Work at Greenville, South Carolina

Paper by Mrs. Brunson, written in 1899

When the South felt that she was gradually losing that for which she had fought in the war with Great Britain, she raised her standard for States’ Rights, and her men and boys rallied with the greatest enthusiasm to its defense. We all felt that the South had been un-justly treated, and we hoped to withdraw from our sister States in peace, but we did not intend to be governed by the North as if the United States were a monarchy.

So our homes were saddened by the departure of most of our men, and the women began to work for them.

The “Butler Guards” left Greenville early in April, 1861. Soon after, the “Brooks Troop” followed, both going to Virginia. Other companies from Greenville County also went.

The ladies of our town met at McBee’s Hall, and the basement of the Baptist Church, to sew for soldiers. Country neighbors also formed sewing circles, and some of the old ladies were so expert as to be able to knit as they walked or rode along. Miss Ann McCall, a descendant of Isaac Hayne, of Revolutionary fame, had inherited a set of gold needles, and I doubt if she could have counted the socks she knit. Her fingers fairly flew, and she never stopped to count.

Mr. Bussy, an old English tailor, would cut and assist in making fatigue suits for two companies from town. The ladies and girls put pin-cushions, soap and handkerchiefs in the pockets of these clothes, and then they were packed and sent on.

I think it was twice a year that a member of the Butler Guards would come on with measurements for the men’s clothes, and then the ladies would work hard until these uniforms were finished.

The woolen socks were most acceptable to the infantry, as they were soft to their feet while marching. Good knitting is quite an art among old ladies. Boxes filled with hams, sausages, dried beef, butter, bread, dried fruit, pickles, etc., were sent on to the soldiers by their families. Cloth was woven by small hand looms, both cotton and wool. Miss Rydes, a country lady, spun and wove a nice gray woolen cloth and sent it on to General Beauregard as a present. He wrote her a very courteous and grateful letter for the acceptable suit of clothes.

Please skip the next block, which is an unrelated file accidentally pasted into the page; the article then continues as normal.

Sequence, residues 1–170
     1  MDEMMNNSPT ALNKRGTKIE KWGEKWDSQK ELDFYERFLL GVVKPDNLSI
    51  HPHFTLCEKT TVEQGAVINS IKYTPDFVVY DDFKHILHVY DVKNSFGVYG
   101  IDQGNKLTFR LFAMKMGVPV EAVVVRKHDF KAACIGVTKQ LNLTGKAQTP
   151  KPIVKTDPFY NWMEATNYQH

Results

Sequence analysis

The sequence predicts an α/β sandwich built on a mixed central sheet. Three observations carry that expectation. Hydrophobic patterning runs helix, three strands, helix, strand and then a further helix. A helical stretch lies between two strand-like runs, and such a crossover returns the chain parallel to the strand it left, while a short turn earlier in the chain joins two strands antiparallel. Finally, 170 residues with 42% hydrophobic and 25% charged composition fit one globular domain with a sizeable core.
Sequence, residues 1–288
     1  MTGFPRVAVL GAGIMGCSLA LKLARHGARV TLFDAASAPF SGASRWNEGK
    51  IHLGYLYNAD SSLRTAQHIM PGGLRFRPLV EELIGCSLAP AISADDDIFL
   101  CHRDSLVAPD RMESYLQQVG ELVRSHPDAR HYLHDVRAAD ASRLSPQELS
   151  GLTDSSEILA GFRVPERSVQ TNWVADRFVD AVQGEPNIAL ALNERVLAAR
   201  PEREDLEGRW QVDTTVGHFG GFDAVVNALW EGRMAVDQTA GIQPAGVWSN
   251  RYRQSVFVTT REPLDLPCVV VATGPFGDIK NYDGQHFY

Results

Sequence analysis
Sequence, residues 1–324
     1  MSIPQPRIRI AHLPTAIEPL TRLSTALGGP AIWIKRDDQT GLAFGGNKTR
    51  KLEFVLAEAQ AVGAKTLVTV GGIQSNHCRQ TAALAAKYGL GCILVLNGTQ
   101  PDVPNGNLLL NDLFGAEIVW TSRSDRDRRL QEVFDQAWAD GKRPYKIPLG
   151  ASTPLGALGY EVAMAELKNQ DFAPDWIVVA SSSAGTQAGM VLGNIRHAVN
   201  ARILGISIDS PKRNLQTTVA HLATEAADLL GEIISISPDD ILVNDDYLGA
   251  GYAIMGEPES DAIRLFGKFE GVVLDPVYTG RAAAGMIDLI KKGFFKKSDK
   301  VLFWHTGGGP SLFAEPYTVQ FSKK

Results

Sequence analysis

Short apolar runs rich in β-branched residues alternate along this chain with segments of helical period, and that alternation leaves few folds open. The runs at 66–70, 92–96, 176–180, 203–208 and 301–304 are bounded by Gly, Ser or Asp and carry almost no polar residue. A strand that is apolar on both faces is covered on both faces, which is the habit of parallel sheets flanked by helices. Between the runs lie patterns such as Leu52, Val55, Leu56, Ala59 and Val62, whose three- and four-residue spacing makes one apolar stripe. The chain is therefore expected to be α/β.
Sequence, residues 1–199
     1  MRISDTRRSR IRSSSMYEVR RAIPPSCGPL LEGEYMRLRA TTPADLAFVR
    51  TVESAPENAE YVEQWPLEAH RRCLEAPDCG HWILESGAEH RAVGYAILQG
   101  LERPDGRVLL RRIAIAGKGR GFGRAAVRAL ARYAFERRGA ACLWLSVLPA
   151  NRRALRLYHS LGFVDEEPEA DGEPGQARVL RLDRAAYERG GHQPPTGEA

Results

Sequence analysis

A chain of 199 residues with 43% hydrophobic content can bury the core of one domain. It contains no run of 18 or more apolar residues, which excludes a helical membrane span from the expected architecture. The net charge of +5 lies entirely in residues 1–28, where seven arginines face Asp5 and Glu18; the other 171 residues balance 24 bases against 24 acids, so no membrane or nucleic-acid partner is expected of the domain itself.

Good boots and shoes were made in Greenville, and other parts of the South, for soldiers. There was a tanyard in the town of Greenville which had long shipped leather to New York, and now worked exclusively for home people, making fine leather of goat and calf skins.

Ladies of Greenville made nice buckskin gloves, also knit many gloves and scarves for men of the cavalry and artillery. I could go into the woods now and find the same kinds of leaves with which we colored the wool and cotton. Indigo was planted and used for coloring both wool and cotton. A mixture for gray cloth was, one-third of blue wool, one-third of black, and one-third of white, carded together, spun by hand and woven on a slate-colored chain of cotton thread, making a fine cloth for the loved ones who stood on guard through storms of sleet and snow. Maidens found, in chests and drawers, a few skeins of scarlet wool, to crochet and knit stripes in scarves for young friends in artillery service.

The flocks of sheep seemed to grow patriotic, giving us fine wool. A family from Rappahannock County came to Greenville County as refugees, bringing a large flock of sheep. Those sheep produced elegant wool. Captain Willis, the owner, had received a wound in the arm, and had to retire from service for a while. His wife wrote and distributed religious tracts to soldiers, showing that she had a heart filled with reverence to God and kindness to her fellow creatures.